As far as I know, racial spells aren't actually defined anywhere, and so the following answer is entirely my opinion, well-reasoned though it may be:
For your examples, the answers are yes, yes, yes, and no.
Racial spells are only considered "default" or commonplace for characters of those races. This means that a human wizard can't select aboleth's lung as a "free" spell when leveling up, and that a human sorcerer could only select it if they had access to the spell somehow (such as studying with a spellcaster who had it). Divine casters would need to be at least made aware the spell exists before they request it from their deity. Basically any other means of learning a spell besides just leveling up should remain valid:
- Learning the spell from a scroll, spellbook, or other spellcaster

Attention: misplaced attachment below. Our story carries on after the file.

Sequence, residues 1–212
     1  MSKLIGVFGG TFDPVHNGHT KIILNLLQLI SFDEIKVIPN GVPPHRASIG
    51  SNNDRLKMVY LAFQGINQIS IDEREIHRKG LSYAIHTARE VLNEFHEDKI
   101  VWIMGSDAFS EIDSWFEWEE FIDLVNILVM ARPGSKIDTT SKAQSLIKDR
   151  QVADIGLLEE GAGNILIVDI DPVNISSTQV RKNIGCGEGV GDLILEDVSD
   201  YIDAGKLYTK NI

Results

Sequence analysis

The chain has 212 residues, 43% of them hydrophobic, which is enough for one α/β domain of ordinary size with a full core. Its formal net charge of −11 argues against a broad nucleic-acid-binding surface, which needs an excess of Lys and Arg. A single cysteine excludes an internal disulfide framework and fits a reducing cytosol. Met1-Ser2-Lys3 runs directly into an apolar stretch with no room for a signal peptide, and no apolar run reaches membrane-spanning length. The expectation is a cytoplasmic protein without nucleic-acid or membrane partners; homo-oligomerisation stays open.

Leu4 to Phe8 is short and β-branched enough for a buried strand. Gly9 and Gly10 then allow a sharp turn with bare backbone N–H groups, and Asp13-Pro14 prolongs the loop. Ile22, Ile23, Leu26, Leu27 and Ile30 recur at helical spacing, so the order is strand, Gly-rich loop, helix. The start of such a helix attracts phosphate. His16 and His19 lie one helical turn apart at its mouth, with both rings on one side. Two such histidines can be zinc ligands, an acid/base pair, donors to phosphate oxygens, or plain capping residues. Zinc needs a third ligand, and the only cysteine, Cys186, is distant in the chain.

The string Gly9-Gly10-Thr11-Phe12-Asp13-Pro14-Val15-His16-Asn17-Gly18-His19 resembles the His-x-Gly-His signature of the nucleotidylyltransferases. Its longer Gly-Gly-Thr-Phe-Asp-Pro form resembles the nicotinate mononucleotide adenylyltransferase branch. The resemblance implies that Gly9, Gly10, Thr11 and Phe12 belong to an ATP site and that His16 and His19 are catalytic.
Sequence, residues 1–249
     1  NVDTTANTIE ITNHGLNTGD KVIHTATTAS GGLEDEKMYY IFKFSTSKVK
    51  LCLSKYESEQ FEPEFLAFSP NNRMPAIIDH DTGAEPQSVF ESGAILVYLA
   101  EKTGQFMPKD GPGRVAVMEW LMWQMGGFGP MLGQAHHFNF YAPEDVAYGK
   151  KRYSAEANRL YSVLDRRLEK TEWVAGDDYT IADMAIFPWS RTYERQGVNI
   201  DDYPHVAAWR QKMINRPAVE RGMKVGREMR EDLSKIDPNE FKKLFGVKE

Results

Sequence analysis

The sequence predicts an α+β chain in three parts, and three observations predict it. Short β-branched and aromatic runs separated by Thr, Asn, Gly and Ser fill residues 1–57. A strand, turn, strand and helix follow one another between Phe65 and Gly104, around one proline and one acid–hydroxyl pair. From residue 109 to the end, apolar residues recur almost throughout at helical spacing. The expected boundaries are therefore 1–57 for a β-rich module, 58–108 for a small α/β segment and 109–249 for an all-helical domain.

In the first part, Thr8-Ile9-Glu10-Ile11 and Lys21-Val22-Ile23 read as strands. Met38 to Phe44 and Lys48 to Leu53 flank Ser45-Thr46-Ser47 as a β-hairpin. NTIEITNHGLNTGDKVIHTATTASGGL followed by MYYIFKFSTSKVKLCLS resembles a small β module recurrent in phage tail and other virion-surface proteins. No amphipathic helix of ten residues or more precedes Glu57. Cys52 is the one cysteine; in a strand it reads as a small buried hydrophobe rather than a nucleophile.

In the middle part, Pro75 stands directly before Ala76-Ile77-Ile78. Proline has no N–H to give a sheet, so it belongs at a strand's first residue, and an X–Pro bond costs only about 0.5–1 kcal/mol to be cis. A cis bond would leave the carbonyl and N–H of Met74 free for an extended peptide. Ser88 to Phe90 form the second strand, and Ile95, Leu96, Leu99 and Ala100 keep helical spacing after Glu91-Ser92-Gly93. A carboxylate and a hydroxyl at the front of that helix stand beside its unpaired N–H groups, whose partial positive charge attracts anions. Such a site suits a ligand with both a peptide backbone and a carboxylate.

- Researching the spell independently
- Identifying the spell as it's cast with a Spellcraft check (for casters who only need to be exposed to the spell, like sorcerers and most divine casters - this isn't comprehensive enough for a wizard to add the spell to their book0
- Suffering the effects of the spell (for caster who only need to be exposed to it)
- Learning about the spell from a magical source, such as speak with dead or via an outsider
All of these things constitute "GM permission". If the GM doesn't want you learning the spell, all he has to do is not introduce a gillman wizard with aboleth's lung in his spellbook. Not already knowing the spell exists, you couldn't really call up a water elemental or devil to ask about it directly, and the GM is in control of spell research as well. Buying a scroll of the spell is impossible if no one knows it to scribe them in the first place.
If the GM doesn't mind you learning it, then it's safe to assume that the spell has made it out of its circles and into a more general curriculum. It could be anywhere from as hard as actually going to a gillman village and buying a scroll (for an inflated price, even) or as easy as simply choosing the spell on level-up, depending on your GM.